How can I help a kindergartner who cries every day?
Real Mom Problem
“I have a five-year-old that just started kindergarten. The first week was great. But now he cries and says that he doesn't want to go. I am looking for advice, or even some kind words. It is really heartbreaking.”
- 1. Don't prolong morning goodbyes
- 2. Talk to your child to determine if there's a specific reason for the crying
- 3. Ask your child's teacher for some insight
- 4. Remind your child of the fun he or she will have in school
- 5. Plan something fun for your child to look forward to after school
- 6. See about volunteering at your child's school so you can observe interactions and provide a reassuring presence
Real Mom Solutions
Adjusting to kindergarten can be tough for kids. But how do you know if your child has normal jitters or if something more is going on? Let these experienced moms help you and your child understand, and get past, the tears.
Some Kids Need Time to Adjust
She will be okay momma. This is normal. It's a big transition. I am sure she was happily playing with her friends within five minutes of you leaving!
Maybe he's just not emotionally ready for kindergarten. Or maybe he's already had a bad experience in school. Maybe it'll just take him longer to adjust. One of my sons (now age 16!) hated school from the very first day. He's just not academically inclined. Even though he hated it, he did get used to it. My youngest is seven and she is very attached to me. It took her awhile to adjust. When she'd cry, I'd just be very matter-of-fact and tell her that she'd do fine and have fun.
I work at my daughter's school and I can tell you that there are a lot of kids who still cry. One little boy cries all throughout the day, until he is picked up from school. There are a few other kids who still cry off and on. It doesn't have to do with being a stay-at-home mom or if you work. Each kid is different and will adjust when they are ready.
The way I look at it, she will adjust. And don't worry about what the other moms think. Do what works for you and your family!
Try These Helpful Tips
Just reassure her every day how much fun she is going to have and how proud you are of her for doing so well at school. Build her up to feel good about school, and no matter what she says just tell her "I understand, but you are still going to school." My daughter was so happy to go the first few days then she was over it. But now she loves school and has friends and loves her teachers, so just stick it out and build her up.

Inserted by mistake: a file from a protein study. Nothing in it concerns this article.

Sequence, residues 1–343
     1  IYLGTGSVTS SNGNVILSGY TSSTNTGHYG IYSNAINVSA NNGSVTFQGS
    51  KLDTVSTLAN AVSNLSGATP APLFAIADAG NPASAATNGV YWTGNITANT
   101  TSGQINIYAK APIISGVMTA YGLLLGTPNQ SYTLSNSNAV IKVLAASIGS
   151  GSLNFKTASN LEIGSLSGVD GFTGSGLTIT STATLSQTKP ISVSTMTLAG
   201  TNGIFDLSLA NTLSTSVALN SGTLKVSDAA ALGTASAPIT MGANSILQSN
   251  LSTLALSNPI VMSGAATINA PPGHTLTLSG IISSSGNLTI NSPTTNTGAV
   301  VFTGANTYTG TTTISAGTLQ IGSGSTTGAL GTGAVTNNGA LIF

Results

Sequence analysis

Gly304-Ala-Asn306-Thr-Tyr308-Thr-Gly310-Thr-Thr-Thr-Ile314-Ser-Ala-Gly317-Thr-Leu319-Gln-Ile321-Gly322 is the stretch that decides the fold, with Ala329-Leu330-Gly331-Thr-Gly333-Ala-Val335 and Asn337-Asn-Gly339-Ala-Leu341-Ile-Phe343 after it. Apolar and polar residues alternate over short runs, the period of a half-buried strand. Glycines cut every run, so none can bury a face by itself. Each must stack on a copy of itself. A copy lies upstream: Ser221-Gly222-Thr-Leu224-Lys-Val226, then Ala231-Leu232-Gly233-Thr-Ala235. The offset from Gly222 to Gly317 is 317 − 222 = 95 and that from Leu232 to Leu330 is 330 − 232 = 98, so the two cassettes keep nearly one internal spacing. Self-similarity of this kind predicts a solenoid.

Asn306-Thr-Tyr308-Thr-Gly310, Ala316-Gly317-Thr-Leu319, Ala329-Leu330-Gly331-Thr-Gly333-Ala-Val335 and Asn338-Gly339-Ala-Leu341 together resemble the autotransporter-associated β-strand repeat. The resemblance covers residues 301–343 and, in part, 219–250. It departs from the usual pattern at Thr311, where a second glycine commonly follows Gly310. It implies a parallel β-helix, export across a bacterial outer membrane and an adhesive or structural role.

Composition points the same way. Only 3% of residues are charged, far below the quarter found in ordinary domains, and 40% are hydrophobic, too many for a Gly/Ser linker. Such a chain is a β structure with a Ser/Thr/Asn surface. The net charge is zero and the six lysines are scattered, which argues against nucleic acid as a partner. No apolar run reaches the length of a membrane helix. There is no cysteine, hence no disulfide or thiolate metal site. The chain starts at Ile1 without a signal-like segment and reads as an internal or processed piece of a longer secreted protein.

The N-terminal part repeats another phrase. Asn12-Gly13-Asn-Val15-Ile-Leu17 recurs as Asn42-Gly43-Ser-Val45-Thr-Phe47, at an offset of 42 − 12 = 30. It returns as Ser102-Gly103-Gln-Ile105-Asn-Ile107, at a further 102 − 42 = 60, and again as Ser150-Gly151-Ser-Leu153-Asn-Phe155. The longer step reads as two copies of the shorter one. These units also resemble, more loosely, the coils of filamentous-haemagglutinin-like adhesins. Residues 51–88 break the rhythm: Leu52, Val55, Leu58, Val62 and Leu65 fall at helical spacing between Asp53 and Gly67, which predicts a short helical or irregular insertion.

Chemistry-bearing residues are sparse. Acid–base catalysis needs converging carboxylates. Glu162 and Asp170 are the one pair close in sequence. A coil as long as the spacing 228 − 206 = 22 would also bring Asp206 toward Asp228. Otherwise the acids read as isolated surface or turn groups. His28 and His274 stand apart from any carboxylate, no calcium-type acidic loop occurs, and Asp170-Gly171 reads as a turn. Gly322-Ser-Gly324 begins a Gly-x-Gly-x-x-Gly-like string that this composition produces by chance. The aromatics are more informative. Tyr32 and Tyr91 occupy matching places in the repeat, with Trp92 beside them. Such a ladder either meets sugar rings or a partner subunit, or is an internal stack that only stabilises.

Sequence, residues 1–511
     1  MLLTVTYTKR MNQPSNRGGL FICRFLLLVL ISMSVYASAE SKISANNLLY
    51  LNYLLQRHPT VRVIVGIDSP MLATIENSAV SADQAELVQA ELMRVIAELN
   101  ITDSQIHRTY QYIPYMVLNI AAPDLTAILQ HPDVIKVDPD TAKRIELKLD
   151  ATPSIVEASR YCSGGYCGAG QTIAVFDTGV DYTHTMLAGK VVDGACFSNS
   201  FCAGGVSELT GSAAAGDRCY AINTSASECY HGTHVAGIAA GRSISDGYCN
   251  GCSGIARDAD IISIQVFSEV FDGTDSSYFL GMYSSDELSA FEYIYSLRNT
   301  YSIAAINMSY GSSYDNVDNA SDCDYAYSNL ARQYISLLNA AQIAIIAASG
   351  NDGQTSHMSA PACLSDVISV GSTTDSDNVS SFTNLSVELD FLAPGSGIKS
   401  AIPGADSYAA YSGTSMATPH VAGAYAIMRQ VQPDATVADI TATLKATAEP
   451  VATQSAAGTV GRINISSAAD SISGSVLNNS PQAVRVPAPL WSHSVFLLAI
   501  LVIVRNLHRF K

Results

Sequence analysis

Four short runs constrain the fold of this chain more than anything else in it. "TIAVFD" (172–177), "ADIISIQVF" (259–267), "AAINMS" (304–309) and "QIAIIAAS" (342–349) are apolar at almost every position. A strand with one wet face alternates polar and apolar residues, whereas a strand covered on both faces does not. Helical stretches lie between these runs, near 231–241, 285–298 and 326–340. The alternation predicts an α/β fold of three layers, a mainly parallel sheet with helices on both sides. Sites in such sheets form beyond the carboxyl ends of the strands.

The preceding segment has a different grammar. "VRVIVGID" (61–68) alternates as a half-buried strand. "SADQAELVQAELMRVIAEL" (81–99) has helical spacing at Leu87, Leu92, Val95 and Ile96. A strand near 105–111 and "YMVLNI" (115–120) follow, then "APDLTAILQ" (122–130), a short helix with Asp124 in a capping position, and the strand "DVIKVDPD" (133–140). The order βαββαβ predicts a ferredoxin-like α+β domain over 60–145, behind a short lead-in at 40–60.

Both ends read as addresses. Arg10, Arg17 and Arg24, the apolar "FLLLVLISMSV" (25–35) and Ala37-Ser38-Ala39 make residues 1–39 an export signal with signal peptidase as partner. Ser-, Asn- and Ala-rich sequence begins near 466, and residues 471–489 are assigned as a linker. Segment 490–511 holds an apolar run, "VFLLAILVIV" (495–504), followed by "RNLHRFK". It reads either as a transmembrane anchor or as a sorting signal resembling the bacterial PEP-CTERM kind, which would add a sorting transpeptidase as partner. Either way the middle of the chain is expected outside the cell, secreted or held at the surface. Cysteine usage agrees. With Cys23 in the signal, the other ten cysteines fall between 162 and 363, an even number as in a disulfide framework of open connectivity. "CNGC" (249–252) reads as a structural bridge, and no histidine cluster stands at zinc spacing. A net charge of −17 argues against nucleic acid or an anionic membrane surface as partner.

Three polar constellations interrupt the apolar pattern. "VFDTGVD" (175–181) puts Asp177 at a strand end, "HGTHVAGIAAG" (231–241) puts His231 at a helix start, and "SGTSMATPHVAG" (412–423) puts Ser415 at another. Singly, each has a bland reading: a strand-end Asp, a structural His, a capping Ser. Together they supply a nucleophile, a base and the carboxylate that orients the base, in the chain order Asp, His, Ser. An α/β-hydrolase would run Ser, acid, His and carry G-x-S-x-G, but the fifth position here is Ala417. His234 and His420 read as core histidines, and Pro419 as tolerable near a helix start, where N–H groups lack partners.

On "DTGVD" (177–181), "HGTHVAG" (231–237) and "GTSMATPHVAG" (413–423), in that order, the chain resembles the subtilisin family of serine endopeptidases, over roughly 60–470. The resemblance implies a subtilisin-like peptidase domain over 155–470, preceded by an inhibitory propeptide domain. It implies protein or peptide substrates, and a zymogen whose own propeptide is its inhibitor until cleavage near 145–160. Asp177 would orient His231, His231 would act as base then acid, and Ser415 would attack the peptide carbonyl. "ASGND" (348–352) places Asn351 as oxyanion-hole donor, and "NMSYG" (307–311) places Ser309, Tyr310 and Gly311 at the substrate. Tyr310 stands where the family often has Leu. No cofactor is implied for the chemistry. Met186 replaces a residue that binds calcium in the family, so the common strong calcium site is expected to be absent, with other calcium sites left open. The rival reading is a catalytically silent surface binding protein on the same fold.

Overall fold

- Make the goodbye short and sweet. One hug, one kiss, I love you! Have a great day. Leave immediately. Dragging out the goodbyes makes it much harder on the kids.
- Leave the guilt at home. I'm sure she's picking up your insecurities in addition to her own feelings. That is also making it harder on her.
- Can you take her to a swim/dance/gymnastics/Sunday school class to help her learn to adjust to being without you? If you've never given her those experiences, it's going to be harder for her to adjust as well.
My son was the same way! Kindergarten is a big adjustment for them. It is not the same as when we went. Kids today are expected to do a lot more then we had to do. It is a bit overwhelming. I just tell him that after I pick him up, he will get to go home and do something he wants to do. That way he has something to look forward to. And once they know what to expect as far as schedule goes, they will be fine! My son just gets so burnt out because of the long day, so I let him relax when he gets home! They are still little.
There is always an adjustment period. All you can do is keep taking her and reassuring her you will see her in a little while. I have heard some parents say that they give their children a picture or something from home to keep in their backpack. Then they can look at it when they get sad or miss you. The Kissing Hand is a very good book to read too.
Find out why your child is crying. It could be his teacher, or even something you don't know about. Sometimes too much change at once is too much to handle. Pack his special lunches with a surprise inside a few times a week. He will look forward to it. Try buying a store bought gift for his class and go up there for lunch and see how he acts around other students and his teacher. Also his classmates will think the treat is cool and may help him branch out and get more friends so he doesn't feel alone at school.
I actually went through this the first three weeks with my son but it got better. One thing that helped was taking my little guy to t-ball. There were kids on his team from his class so he was able to make friends outside of class. Talk to his teacher, there may be more to it than you realize. Little guys can be super sensitive to any little thing. Showing my face a little more at school, and him getting a bigger circle of friends has really helped. Our school has an open door policy, and I just signed up to volunteer. The most important thing is time. Every kid is different and adjusts differently.